An imprisoned black boy punished at a Georgia convict camp, 1932.Credit: John L. Spivack. Fair use.
ReviewsA gut-wrenching investigation into prisons and profits
I’ve long believed in the importance of undercover journalism. As a German, I’m familiar with the work of Günter Wallraff whose riveting report from the inside of Germany’s best-selling tabloid beats Manufacturing Consent any day when it comes to showcasing viscerally how propaganda works under capitalism. But America has had its share of undercover reporting icons, too — from Nellie Bly to Barbara Ehrenreich.
Shane Bauer continues this tradition with American Prison: A Reporter’s Undercover Journey into the Business of Punishment. Bauer (a Mother Jones reporter and former prisoner of the Iranian regime) spent 4 months as a guard at Winn Correctional Center in Louisiana, a for-profit prison. His book is a re-telling of this experience, interwoven with brief chapters about the history of incarceration and forced labour in the United States.
An imprisoned black boy punished at a Georgia convict camp, 1932. (Credit: John L. Spivak. Fair use.)
After the US Civil War, former slaveholders hijacked criminal law to continue “slavery by another name” as Douglas Blackmon put it, with the same profit motives and the same racist ideology serving as pretext. African-Americans were rounded up, often on false pretenses like “vagrancy” or made-up charges, and put to work under the most horrific conditions imaginable.
Bauer explains that the death rates in this late 19th century prison-industrial complex rivaled and exceeded those of Soviet gulags during their worst years. For many of the predominantly African-American convicts, the emancipation of slaves had turned out to be pure fiction—instead, now the corporations “leasing” them didn’t even have any purely financial incentive to keep them alive.
It would take cases of white people like Martin Tabert to force modest reforms. Tabert was arrested on a trivial charge and leased to a lumber company. There, he was brutalized and killed by an overseer. The sheriff who had arrested him was paid a reward for every able body delivered into the hands of the company.
With the rise of mass incarceration in the late 20th century—the new Jim Crow—corporations once again began to see opportunities to derive profit from the caging and exploitation of human beings.
The Winn Report
Bauer’s experience as a Correctional Officer at Winn offers a window into a very different prison system. Here, the goal is not so much to force prisoners to build railroads or harvest timber. It’s to warehouse prisoners at the lowest possible cost, with the greatest possible profit.
The system Bauer describes is one of a chronically under-staffed facility with chronically under-paid and chronically under-qualified staff, where prisoners (when they’re not in segregation) live in open dormitories that house dozens of men. The guards barely manage to keep order.
Literally dozens of shanks—improvised weapons—are discovered routinely; stabbings are frequent and far more common than in publicly run facilities. A thriving underground economy of drugs, phones and sex involves both guards and inmates. The only thing that keeps the whole place from completely falling apart are irregular interventions by “Special Operations” teams from other locations, who attempt pacification by way of pepper spray.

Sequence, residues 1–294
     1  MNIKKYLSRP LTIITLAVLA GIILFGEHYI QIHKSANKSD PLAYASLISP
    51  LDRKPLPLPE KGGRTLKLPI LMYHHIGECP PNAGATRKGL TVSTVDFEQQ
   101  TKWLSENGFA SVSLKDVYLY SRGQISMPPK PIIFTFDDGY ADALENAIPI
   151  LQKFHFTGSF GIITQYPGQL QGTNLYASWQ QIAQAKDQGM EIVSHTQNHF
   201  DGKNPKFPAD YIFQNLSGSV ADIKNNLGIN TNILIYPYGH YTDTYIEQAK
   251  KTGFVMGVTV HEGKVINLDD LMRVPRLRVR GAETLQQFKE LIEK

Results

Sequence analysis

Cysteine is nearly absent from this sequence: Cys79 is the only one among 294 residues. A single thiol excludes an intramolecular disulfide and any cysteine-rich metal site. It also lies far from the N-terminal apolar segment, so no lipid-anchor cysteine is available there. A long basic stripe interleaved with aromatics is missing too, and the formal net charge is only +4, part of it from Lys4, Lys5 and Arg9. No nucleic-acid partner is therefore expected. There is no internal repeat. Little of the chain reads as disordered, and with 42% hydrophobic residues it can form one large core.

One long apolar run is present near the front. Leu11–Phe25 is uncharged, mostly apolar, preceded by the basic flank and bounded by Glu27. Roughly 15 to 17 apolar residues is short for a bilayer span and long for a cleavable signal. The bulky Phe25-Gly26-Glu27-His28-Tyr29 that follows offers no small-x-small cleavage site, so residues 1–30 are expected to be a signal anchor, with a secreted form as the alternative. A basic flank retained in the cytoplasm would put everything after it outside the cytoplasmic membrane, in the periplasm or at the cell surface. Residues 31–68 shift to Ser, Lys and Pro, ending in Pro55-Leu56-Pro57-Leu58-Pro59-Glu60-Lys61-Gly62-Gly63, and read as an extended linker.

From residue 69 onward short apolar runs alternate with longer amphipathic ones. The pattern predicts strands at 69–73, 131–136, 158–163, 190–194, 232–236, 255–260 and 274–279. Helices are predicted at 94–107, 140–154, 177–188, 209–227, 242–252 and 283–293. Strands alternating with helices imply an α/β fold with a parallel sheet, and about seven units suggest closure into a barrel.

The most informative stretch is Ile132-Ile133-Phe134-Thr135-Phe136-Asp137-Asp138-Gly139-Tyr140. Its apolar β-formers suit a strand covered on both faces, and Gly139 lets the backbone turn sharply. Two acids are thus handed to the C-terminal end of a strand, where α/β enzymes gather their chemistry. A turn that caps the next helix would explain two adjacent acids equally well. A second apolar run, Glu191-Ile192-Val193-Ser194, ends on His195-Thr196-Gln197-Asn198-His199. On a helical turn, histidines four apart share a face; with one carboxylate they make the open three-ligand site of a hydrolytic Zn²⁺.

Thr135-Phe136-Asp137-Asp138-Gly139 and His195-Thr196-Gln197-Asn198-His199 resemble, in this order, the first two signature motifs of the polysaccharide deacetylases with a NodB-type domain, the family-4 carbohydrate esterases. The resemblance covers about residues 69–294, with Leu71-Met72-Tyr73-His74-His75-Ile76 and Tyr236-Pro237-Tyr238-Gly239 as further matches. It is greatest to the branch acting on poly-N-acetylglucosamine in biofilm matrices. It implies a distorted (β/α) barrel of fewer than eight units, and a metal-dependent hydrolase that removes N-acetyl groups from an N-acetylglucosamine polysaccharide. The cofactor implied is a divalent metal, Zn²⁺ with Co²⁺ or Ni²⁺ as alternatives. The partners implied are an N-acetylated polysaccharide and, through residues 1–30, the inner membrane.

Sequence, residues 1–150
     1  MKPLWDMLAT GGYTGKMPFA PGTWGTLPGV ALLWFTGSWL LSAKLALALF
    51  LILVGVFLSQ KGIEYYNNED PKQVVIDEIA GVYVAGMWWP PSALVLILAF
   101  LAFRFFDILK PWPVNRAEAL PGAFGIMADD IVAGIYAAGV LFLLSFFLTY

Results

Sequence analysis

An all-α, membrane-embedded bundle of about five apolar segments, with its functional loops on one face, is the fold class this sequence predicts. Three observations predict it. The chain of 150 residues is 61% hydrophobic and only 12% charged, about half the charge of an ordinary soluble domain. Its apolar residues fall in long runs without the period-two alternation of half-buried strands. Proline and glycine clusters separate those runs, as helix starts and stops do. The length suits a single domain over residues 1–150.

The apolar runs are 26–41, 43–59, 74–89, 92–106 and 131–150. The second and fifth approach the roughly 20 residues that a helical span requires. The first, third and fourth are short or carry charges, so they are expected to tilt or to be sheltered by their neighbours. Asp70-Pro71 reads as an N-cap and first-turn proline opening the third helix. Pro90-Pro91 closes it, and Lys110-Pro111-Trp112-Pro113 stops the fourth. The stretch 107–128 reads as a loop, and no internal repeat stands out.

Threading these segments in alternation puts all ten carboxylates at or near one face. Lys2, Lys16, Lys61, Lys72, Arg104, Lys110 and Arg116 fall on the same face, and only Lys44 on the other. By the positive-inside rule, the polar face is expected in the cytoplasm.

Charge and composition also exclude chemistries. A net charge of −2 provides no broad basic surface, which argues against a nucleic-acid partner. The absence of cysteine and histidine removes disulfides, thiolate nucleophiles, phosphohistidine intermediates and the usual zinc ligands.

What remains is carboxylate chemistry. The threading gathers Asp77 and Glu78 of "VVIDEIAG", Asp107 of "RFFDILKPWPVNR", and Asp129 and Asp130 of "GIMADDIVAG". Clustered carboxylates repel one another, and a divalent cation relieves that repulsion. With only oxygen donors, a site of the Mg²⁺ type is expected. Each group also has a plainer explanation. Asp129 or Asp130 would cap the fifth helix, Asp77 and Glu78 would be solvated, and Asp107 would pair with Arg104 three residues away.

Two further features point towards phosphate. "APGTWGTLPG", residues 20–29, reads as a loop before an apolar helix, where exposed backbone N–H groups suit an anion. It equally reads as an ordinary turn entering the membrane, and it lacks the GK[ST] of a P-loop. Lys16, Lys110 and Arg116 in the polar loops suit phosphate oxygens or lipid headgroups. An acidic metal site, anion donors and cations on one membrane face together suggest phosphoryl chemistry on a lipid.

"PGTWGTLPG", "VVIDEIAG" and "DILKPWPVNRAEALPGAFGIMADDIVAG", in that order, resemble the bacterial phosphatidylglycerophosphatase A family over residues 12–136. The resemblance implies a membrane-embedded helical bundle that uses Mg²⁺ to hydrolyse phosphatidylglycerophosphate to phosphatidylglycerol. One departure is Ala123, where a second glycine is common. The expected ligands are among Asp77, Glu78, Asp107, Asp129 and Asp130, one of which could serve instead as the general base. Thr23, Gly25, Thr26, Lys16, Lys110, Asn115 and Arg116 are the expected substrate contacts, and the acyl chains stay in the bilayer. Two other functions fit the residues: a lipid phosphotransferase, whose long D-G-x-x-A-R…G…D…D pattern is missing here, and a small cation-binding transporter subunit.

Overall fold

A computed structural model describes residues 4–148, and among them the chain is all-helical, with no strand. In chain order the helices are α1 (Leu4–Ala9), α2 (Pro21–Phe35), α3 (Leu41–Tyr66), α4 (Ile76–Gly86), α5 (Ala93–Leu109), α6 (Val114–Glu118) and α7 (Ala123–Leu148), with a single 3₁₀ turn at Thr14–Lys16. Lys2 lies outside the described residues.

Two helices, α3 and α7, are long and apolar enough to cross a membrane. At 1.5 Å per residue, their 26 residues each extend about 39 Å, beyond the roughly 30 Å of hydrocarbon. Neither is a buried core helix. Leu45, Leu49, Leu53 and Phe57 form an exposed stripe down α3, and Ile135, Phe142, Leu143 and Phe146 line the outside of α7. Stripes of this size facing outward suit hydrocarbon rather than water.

Bauer describes the psychological toll this system takes on him. He (uncritically, which is disappointing) cites the Stanford Prison Experiment, and notes his own changes in behavior—from attempting to form relationships with some inmates, to taking pleasure in acts of revenge against others.
Ultimately, he performs well by the standard of the prison, and is put on the path towards a promotion before he resigns.
American Prison can be difficult to read, given that the entire book is about violence and coercion. There is nothing cathartic here: things haven’t gotten better since the book was published, and the private prison industry is thriving on efforts to cage men, women and children for attempting to seek shelter from brutality and destitution in their home countries.
But it is precisely this kind of reporting that is needed to show—beyond the power of an argument—why the idea of entrusting profit-driven corporations with incarceration is batshit insane.
As a chronicler of this insanity and its historical precursors, Bauer is meticulous. He distinguishes quotes that he was able to capture on audio from those he had to recollect. He provides extensive citations. He identifies the people who gave him permission to use his name. He includes the voices of those who disagree with him. He received appreciation from many of his former colleagues for his reporting.
And that’s precisely the standard that undercover journalism must live up to—especially in a country where garbage-spewing flimflam artists like James O’Keefe have given the genre a bad name.
Bauer is not first and foremost a scholar but a storyteller, and the historical review is relevant and accurate but patchy. Nonetheless, American Prison is a compelling and necessary book. 4.5 points, rounded up.